Top 3 Smart Building Trends in the Construction Industry
Leveraging technologies in the construction industry can ease the management process, making it strategic operations. Implementing machine learning capabilities removes the burden of mundane and repetitive tasks.
FREMONT, CA: A smart building is a building or structure that uses automated processes to manage and control its operations (HVAC, lighting, security, and a variety of other systems). It does so via a fully integrated network of sensors, actuators, and microchips that all generate a constant stream of raw data that can be converted into critical insights. Such insights are harnessed for continuous improvements such as cost attainment and greater overall efficiency. This is where a platform such as Service Automation shows its mettle, converting all this complex data into actionable information explicitly tailored for facilities managers.
It is essential to distinguish the building technologies to see them individually since they provide a distinct layer of functionality. Below given are some of the most influential smart building technologies.
AI and ML
The applications of AI within smart buildings are extensive, especially being that AI is easily integrated with IoT sensors and devices. Such devices apply deep learning to hierarchically understand objects and environments, making adjustments according to learned user preferences or an analysis of historical trends.
AI-enabled Service Automation software predicts upcoming maintenance and even reviews and approves work orders with minimal human intervention.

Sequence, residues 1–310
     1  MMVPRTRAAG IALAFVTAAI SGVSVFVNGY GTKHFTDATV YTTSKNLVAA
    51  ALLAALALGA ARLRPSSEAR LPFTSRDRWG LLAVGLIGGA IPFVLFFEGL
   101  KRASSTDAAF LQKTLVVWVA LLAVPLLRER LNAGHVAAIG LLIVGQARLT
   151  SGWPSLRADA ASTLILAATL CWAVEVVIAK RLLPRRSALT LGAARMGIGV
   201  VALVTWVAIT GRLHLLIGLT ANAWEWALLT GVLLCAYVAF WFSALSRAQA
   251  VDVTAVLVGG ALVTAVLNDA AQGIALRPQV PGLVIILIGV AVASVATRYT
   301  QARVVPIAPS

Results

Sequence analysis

Drones are not just valuable for taking aerial photographs or delivering packages. They also help to exceptional support, taking over many routine or time-consuming tasks, and freeing up employees to focus on essential things. The unmanned aerial vehicle, drones are operated remotely and may also employ AI to operate autonomously.
AR technology is useful in conjunction with BIM. Typically involving a camera and some sort of viewing device like the tablet, smartphone, or even eyeglasses, augmented reality superimposes a non-real object onto a view of one's real, physical surroundings.
For example, wearing a pair of AR-enabled glasses when examining a room of different kinds of electrical and mechanical equipment. Programmed with existing BIM models, the glasses allow viewing digital representations over each piece of equipment, providing identification and additional detail. This information might include written instructions, warnings, dates of installation, and troubleshooting for problems, all of which are especially useful during outages or emergencies.